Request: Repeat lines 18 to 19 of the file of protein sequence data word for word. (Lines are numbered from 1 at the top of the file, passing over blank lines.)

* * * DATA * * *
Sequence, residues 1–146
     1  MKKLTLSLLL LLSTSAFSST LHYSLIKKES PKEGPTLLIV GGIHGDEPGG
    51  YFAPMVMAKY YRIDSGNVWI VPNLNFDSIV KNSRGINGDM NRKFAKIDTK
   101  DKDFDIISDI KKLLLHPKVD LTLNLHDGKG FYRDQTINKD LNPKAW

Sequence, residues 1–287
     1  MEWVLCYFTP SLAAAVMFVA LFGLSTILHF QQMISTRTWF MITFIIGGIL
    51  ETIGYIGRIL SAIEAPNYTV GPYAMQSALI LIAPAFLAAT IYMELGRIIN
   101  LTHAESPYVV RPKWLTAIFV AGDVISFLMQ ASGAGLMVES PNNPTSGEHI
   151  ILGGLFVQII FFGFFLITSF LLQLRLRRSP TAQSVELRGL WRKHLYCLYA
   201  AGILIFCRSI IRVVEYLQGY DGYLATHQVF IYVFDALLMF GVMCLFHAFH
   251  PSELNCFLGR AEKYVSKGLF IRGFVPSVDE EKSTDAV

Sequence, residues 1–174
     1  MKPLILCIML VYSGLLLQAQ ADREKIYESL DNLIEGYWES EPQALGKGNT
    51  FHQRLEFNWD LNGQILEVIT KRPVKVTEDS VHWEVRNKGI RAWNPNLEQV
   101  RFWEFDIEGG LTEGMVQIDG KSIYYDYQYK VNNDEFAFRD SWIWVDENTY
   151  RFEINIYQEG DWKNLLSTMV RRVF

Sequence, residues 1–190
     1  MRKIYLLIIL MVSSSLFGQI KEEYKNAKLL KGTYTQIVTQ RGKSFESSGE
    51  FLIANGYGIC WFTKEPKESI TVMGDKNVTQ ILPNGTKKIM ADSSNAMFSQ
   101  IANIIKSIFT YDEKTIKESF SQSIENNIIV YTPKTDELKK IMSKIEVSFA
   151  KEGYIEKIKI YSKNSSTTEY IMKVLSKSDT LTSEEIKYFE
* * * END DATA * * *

     1  MRKIYLLIIL MVSSSLFGQI KEEYKNAKLL KGTYTQIVTQ RGKSFESSGE
    51  FLIANGYGIC WFTKEPKESI TVMGDKNVTQ ILPNGTKKIM ADSSNAMFSQ